§ Lord Lyndhurst
said, that he understood the amendments of the other House were to be merely verbal, but instead of that being the case, they opened up every question which their Lordships had been discussing for the last three months. Whatever other noble Lords might do, he would not discuss these questions over again, but when the amendments were moved would simply state whether he agreed or disagreed with them.
§ The amendments were then read seriatim. Those which Lord Lyndhurst objected to were negatived without a division; the others were adopted.
§ The Marquess of Lansdowne
said, he had not objected to the course which the noble Lord had adopted, in dealing with these amendments, solely because he wished to bring the question to a determination, and without reference to the course which, under other circumstances, he should have felt himself bound to have followed. He was desirous of taking the present opportunity of stating, without wishing to revive discussion, that he thought the House of Commons had given the strongest proof that it was possible for them to give of their desire to come to some agreement with their Lordships, by abstaining from re-introducing into this bill, and by assenting to the amendment of their Lordships, for withdrawing any provision for the better administration and delivery of the prisons in Dublin. He had reason to know, that nothing but a desire to see the question set at rest could have induced the House of Commons to concur in the withdrawal of that provision. It was partly for a like reason that he now offered no opposition to the proceedings of the noble and learned Lord, and partly because the subject was one which was capable of being re-considered, as indeed it ought to be, in conjunction with the state of prisons, and separately from the objects of the present bill. The subject would be considered in another Session, which he hoped would not terminate without giving to Dublin a more frequent 1357 delivery of prisons, for their present state was such as to call for the interference of the Legislature, and the vigorous determination of Government. There was no sacrifice which he was not prepared to make to carry out this important measure, which he hoped would work for the happiness of Ireland, and for the benefit of the United Kingdom.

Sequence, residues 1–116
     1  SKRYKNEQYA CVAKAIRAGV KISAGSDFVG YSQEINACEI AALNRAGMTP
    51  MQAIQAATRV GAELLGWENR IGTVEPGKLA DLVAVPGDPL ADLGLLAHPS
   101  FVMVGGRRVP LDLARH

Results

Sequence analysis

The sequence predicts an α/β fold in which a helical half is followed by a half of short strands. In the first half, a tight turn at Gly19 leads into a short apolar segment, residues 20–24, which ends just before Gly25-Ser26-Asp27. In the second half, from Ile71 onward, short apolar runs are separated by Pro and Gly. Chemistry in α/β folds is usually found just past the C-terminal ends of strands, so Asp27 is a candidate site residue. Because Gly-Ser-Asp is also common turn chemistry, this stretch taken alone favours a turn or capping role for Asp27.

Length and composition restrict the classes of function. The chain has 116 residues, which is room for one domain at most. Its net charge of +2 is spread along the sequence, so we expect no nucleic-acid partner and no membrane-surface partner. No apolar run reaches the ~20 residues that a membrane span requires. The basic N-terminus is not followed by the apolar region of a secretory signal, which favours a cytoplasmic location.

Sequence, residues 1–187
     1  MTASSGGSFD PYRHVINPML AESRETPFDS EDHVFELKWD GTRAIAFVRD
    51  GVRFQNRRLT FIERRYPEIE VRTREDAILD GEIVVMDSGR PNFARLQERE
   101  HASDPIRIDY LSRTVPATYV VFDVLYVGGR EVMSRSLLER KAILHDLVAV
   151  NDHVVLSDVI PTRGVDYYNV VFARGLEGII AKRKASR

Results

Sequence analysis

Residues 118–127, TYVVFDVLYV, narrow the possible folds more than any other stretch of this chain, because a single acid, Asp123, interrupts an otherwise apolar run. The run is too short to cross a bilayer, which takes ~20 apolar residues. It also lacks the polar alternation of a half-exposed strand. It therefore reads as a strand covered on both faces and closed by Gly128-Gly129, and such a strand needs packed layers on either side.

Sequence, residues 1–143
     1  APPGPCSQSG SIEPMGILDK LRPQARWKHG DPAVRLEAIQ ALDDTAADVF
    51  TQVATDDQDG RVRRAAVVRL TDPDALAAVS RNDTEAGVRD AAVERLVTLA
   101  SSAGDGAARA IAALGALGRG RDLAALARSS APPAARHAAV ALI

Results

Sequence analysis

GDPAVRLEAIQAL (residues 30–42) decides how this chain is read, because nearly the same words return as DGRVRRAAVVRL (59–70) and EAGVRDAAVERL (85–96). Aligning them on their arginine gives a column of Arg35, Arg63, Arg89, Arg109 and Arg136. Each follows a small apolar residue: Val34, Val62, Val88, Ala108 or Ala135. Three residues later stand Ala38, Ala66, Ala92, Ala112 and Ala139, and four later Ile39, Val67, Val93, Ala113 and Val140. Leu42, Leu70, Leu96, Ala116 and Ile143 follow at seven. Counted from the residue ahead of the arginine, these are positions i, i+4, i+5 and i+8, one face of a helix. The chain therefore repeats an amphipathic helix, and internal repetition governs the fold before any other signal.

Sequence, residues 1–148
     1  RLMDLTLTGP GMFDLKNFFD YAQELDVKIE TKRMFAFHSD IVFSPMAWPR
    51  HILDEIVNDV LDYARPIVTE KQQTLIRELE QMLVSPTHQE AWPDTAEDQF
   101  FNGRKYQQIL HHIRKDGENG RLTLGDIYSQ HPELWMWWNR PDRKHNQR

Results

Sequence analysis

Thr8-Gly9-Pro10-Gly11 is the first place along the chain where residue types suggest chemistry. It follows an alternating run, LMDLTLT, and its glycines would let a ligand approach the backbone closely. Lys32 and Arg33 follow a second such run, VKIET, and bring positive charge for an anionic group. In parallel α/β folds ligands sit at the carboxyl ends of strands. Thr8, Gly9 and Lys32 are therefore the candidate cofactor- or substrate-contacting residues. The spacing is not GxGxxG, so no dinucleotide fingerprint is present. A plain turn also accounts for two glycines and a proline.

perfectly agreed with the noble Marquess who had just spoken, that great sacrifices had been made to carry this bill; but in regard to the other measure adverted to by the noble Marquess, namely, that relating to a general delivery of prisons, he hoped that Government would not stop there, but that they would proceed at an early period next Session, not only with that particular measure, but with that other one to which reference had been made some time ago— he meant the general measure for the purpose of excluding all judicial officers— not from their Lordships' House, for there was no need of that, but from holding a seat in the other House of Parliament.
§ On the motion of Lord Lyndhurst, a committee was named to draw up reasons for not agreeing to the amendments of the Commons, and a conference requested for the following day.